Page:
The sea gently jostles with the shore, crabs scurry across the sand, and the sun resplendently beams down on a young boy unaware of the quest he will soon face. There’s a playfully quaint charm to Outset Island, but this isn’t the first time that I’d idly marvelled at such surroundings.
I had been a latecomer to The Legend of Zelda: The Wind Waker. That isn’t to say that I hadn’t been eager to play it at the time, but my rebellious teenage years saw me tantalised by Microsoft’s gallant stride into the gaming space, single-handedly betraying my Nintendo roots. That I came to it a few years late merely delayed the wondrous impact that the game’s seafaring escapades had on me.
Now widely regarded as among Nintendo’s finest, it hadn’t always been so rosy for the Zelda series tenth instalment. Having first shown a realistic Link and Ganondorf square off against one another in an early GameCube tech demo, Nintendo caught fans off-guard when they unveiled their new cel-shaded art direction a year later.
Critics mocked the game by penning it as “Celda,” there was a backlash response from fans who had anticipated a more mature art style, and Nintendo saw themselves criticised for seemingly targeting a far younger audience. Yet in what has seemingly become a trend for the company, once the game was in player’s hands such comments were silenced. Ten years later, we’re invited to remember why.
The Legend of Zelda: The Wind Waker HD has been openly positioned by Nintendo to bide time whilst they continue development of an entirely new Zelda Wii U, though typically no turn has been left unturned in truly reworking the GameCube classic for their new console. In short, The Wind Waker HD amounts to being the definitive experience, continuing a trend previously set by The Legend of Zelda: Ocarina of Time 3D.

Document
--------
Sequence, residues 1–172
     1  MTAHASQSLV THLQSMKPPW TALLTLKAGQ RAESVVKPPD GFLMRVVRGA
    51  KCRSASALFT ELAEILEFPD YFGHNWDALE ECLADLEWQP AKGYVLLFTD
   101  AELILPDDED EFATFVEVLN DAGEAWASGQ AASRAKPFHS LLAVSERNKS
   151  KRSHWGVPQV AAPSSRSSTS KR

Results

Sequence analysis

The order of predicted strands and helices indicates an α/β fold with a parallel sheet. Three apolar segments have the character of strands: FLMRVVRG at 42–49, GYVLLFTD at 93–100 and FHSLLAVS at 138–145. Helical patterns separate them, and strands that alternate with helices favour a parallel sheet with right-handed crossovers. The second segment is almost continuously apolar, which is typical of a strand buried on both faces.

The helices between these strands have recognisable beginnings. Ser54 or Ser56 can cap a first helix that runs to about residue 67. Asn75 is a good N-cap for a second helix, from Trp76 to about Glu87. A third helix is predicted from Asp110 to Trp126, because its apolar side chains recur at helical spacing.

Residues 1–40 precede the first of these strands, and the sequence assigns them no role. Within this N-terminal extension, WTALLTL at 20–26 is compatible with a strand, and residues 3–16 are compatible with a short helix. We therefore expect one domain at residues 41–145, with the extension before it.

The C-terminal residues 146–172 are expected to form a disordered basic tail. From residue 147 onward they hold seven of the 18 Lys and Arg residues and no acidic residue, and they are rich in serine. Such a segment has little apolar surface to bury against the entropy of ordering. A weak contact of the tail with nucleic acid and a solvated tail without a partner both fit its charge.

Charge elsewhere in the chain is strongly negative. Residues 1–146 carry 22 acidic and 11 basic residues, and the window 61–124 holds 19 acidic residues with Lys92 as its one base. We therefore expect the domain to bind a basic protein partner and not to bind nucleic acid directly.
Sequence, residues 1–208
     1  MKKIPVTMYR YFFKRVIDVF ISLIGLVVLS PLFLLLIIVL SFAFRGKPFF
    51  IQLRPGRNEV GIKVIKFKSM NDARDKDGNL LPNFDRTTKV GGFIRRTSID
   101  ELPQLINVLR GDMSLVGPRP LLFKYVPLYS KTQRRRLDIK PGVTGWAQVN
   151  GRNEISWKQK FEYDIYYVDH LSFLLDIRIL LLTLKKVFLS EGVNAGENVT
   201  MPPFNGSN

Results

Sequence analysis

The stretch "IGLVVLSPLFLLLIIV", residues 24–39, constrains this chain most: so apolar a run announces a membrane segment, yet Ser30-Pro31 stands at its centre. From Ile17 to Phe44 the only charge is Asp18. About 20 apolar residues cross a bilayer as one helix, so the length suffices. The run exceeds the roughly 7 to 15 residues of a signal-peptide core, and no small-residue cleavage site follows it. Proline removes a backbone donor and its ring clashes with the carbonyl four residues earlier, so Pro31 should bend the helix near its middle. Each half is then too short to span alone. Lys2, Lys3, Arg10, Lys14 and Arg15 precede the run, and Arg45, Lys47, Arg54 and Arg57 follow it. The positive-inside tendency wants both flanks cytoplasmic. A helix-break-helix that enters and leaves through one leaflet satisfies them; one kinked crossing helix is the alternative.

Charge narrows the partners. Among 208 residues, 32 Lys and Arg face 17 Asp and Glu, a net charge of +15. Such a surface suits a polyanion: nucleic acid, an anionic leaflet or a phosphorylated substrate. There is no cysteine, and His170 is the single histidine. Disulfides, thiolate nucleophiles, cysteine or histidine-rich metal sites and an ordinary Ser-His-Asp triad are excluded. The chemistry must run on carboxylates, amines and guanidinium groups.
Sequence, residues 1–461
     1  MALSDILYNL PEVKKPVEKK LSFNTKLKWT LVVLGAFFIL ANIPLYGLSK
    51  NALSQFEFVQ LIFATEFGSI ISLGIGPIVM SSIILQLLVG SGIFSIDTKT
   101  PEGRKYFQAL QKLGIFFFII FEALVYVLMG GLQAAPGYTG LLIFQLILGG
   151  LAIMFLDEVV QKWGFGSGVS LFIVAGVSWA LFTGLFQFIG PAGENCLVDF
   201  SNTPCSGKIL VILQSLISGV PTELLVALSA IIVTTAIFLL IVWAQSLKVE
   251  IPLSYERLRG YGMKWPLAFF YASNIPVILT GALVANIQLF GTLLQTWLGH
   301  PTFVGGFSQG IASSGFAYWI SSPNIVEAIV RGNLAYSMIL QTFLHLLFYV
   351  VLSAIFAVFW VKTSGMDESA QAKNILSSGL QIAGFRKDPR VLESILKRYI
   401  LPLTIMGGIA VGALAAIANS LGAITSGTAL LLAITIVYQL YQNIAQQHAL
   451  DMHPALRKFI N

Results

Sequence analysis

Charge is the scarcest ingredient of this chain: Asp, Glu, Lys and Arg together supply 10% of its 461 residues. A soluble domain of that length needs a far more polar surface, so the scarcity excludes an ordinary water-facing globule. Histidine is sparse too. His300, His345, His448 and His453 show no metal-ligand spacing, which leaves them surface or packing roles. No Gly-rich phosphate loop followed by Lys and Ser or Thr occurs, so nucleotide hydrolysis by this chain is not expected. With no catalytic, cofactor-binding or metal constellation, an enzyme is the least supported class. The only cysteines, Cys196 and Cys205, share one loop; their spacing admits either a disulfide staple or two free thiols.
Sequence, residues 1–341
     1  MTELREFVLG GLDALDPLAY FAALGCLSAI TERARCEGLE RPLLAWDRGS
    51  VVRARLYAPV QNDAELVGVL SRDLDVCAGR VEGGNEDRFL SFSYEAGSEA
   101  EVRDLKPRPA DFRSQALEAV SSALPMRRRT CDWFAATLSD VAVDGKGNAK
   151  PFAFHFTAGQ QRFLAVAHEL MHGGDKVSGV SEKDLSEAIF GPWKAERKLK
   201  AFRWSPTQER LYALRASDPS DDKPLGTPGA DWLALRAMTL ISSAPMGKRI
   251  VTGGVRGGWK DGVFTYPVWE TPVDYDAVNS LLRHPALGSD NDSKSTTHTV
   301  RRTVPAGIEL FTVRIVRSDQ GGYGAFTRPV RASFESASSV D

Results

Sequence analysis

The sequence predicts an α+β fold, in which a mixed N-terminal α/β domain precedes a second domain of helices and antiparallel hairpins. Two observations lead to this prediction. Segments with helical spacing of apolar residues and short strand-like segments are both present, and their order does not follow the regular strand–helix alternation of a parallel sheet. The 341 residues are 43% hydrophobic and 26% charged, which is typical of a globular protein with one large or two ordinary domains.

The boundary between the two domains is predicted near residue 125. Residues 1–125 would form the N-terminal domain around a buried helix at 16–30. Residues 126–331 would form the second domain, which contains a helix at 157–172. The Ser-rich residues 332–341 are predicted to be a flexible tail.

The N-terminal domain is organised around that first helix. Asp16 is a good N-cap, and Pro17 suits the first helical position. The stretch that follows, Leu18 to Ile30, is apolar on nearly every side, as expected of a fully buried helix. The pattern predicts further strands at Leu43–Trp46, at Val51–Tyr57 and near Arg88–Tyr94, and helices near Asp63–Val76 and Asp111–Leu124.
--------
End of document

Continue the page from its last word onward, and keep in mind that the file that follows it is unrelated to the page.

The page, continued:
Whilst such remakes have become far more common in recent years, this is Nintendo’s first effort to do so themselves internally. The result of which being a sublimely presented, intricately rewoven experience that goes above and beyond what is expected of such a rebirth.
Alongside the project’s reveal back in January, Iwata listed for cornerstones as to what they wanted to achieve: upgrade the graphics, tune up the overall game experience, grant Off-TV Play, and integrate Miiverse. All of these boxes find themselves firmly ticked.
1080p resolution graphics, updated textures and a new lightning engine sees The Legend of Zelda: The Wind Waker HD‘s cartoonistic world simply look stunning, from the opening menu right through to the game’s climactic conclusion. Its whimsical nature has renewed appeal, and whilst it can be commended in entirety there are a few instances where particle effects can cause some framerate slowdown, although these are a rarity and will hopefully be addressed.
Addressing criticism for the game’s slow-paced traversal, you can bid to win a Fast Sail at Windfall Island’s Auction House to expedite your voyages across the Great Sea aboard your unnervingly talking sailboat, the King of Red Lions. Animations for the grappling hook have been shortened, optional gyroscopic controls see items such as the Boomerang and Bow become far more accessible to use, and Nintendo has reworked the Triforce quest to save you so much sailing.
Support for Off-TV Play is welcome, although serves to enforce just how useful the Wii U GamePad acts on the fly as an item and map interface. Dragging and dropping items onto corresponding buttons is quick, intuitive, and far simpler than countlessly opening menus – an affliction that still remains with competitor consoles. It worked for Ocarina of Time 3D, and it certainly benefits the player as much here.
Replacing that granted by the Game Boy Advance, saving Tingle from captivity on Windfall Island sees you rewarded with the Tingle Bottle. This allows you to post Miiverse messages as per normal, but integrated beyond this by allowing them to drift into other players games either drifting ashore on beaches or to be found bobbing along in the Great Sea. Such simple implementation, but it increases the sense of discovery wondrously.
Meanwhile, the Picto Box allows you to take photos of your surroundings, whilst also opening up for self-styled “selfie” shots of Link on your adventures, boosting the appeal of sharing creative shots through Miiverse. Whereas Tingle Statues return, and amassing figurines through submitting character and enemy snaps to the Nintendo Gallery remain for those looking to extend their playtime.
The Legend of Zelda: The Wind Waker HD really proves to be poetry in motion, the player deeply submerged within the world’s cartoon aesthetic. Ten years old and showing no signs of such age, this is a redefined adventure that Wii U owners should seize as soon as they can.